Facebook Twitter

World datelines

A sea lion wearing antlers performs at the Sunshine International Aquarium in Tokyo on Tuesday. The aquarium will display seasonal decorations in the large fish tank to attract visitors until Christmas Day.

A sea lion wearing antlers performs at the Sunshine International Aquarium in Tokyo on Tuesday. The aquarium will display seasonal decorations in the large fish tank to attract visitors until Christmas Day.

Yoshikazu Tsuno, Getty Images

Argentina: Property seized

BUENOS AIRES — An Argentine court has ordered the seizure of property owned by a former cultural attache at Iran's embassy in Buenos Aires who is sought for his alleged role in a 1994 terrorist attack.

A judge has approved prosecutor Alberto Nisman's motion to seize a building owned by Moshen Rabbani due to his alleged role in a bomb explosion that flattened the Israeli Embassy in Buenos Aires and killed 85 people.

The Buenos Aires-based Jewish News Agency says the court's action on Tuesday is part of a survivor's suit for $1 million in damages.

If Rabbani is convicted, his property would be auctioned and the money would go to the victims of the attack. His whereabouts are unknown.

Bolivia: Media feud grows

LA PAZ — President Evo Morales says he will no longer hold press conferences for Bolivian reporters — only the "more responsible" international press.

Morales' announcement Monday continues an ongoing feud between the leftist president and Bolivia's often conservative-leaning national media.

Morales was once fond of teasing the "paparazzi" who dog his every step.

But he changed his tone this month when he publicly harangued a Bolivian newspaper reporter for publishing a story accusing the president of ties to a recent contraband scandal.

Morales later estimated that only 10 percent of journalists are "honorable."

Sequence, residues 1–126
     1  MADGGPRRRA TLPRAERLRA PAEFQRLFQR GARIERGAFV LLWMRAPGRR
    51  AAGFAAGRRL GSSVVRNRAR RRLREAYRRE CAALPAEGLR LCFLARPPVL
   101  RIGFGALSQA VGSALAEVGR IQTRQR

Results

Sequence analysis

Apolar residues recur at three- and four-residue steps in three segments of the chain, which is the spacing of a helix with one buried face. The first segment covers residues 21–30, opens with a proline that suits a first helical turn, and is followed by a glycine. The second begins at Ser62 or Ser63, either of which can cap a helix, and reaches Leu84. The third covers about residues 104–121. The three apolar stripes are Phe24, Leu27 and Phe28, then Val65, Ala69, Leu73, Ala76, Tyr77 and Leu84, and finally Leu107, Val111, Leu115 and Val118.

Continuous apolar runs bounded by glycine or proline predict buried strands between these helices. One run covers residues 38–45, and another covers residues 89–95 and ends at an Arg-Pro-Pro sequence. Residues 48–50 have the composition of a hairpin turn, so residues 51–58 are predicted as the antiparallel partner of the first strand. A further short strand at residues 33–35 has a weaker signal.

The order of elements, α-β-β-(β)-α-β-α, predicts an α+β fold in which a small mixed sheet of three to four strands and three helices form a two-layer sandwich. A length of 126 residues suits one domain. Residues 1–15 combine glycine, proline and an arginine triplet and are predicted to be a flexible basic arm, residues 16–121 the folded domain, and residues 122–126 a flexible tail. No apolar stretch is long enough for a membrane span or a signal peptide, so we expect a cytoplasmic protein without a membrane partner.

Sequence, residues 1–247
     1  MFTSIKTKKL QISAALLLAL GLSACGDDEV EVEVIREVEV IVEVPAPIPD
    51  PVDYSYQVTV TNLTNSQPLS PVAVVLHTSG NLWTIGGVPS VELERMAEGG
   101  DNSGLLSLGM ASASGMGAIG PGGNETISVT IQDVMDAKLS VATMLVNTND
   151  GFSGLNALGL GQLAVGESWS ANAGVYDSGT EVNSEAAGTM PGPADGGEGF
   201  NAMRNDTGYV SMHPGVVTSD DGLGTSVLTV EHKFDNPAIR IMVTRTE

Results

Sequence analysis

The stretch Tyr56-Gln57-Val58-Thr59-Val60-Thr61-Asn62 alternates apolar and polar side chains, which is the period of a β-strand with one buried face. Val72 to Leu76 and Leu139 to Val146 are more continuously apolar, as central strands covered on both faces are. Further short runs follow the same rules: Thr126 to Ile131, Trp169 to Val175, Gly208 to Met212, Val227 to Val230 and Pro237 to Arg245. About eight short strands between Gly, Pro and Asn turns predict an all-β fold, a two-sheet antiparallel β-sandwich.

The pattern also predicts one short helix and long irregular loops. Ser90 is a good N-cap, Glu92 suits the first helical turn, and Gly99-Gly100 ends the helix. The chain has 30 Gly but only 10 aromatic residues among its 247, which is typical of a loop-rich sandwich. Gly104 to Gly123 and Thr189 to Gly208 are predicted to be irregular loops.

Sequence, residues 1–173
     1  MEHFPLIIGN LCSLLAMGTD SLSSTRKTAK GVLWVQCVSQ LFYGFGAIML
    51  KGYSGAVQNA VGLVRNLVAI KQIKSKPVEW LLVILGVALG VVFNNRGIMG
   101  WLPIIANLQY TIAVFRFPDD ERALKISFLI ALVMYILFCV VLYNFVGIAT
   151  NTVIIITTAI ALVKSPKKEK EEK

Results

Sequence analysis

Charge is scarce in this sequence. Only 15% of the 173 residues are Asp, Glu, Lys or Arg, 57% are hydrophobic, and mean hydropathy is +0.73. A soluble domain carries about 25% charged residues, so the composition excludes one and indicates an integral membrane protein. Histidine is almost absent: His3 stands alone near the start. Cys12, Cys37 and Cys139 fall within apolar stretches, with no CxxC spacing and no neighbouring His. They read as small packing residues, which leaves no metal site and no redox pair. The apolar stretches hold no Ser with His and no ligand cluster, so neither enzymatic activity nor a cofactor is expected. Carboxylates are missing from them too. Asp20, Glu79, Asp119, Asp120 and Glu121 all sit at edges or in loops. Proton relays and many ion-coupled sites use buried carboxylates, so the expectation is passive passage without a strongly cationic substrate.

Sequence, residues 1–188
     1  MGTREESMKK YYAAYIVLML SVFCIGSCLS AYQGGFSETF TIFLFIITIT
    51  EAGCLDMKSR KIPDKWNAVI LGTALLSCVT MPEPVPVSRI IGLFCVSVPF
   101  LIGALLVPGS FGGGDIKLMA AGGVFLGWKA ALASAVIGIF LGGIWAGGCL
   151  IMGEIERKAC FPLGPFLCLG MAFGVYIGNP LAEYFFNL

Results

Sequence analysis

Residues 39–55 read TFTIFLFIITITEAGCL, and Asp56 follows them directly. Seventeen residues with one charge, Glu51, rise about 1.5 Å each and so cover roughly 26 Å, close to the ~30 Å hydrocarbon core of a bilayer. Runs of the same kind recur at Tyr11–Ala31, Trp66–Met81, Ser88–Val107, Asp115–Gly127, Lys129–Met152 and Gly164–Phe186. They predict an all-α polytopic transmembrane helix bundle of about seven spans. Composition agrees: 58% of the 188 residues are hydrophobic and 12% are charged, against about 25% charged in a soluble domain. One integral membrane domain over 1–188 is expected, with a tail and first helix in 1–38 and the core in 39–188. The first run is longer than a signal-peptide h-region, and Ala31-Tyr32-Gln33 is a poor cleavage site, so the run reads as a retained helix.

He did not say who among Bolivia's international press corps might fall in that category.

Canada: Ski tower collapses

WHISTLER, British Columbia — More than 50 people were evacuated from about 30 gondolas after a tower supporting the cables partially collapsed Tuesday at Canada's Whistler ski resort.

Police said there were no serious injuries at the resort, which is to host the alpine events of the 2010 winter Olympic games. But health officials said earlier that five people had been taken to the hospital after the mid-afternoon accident.

Royal Canadian Mounted Police Sgt. Steve Wright said the gondolas that police were most concerned about had already been safely evacuated and a crane was brought in to support the tower.

Mexico: More anti-drug aid

MEXICO CITY — A top official in Mexico's Foreign Relations Department says the second installment of U.S. anti-drug aid should be released by January.

Undersecretary for North American affairs Carlos Rico says Mexico expects the U.S. to release $116 million in drug-fighting aircraft and equipment before President George W. Bush leaves office Jan. 20.

The U.S. on Dec. 3 released $197 million under the so-called Merida Initiative. The $1.3 billion package over three years includes helicopters and surveillance aircraft, airport inspection equipment and case-tracking software to help police share real-time intelligence.

More than 5,300 people have died in drug-related killings in Mexico in 2008 — more than double the number last year, the government says.

Niger: U.N. envoy kidnapped

NIAMEY — A Tuareg rebel group claimed responsibility for the abduction of a U.N. envoy on the outskirts of Niger's capital, saying Tuesday that the veteran Canadian diplomat was in good health.

But hours later, the group reversed course, posting a second statement signed by a different rebel leader that condemned the kidnapping of Robert Fowler and denied responsibility.

It was unclear if the contradictory statements indicated a rift in the Front for the Forces of Redress, or FFR, a rebel group comprised of ethnic Tuaregs, a nomadic people who inhabit the vast deserts that cross northern Africa.

Venezuela: Official charged

CARACAS — A former governor who recently broke with President Hugo Chavez was charged with corruption on Tuesday.

Eduardo Manuitt was also barred from running for office for 15 years by Venezuela's anti-corruption agency, the state-run Bolivarian News Agency reported.

Manuitt was charged with irregularities in the purchase of air conditioners for hospitals in 1999, prosecutors said in a statement. The crime is punishable by three to 10 years in prison.

Manuitt denied the charges.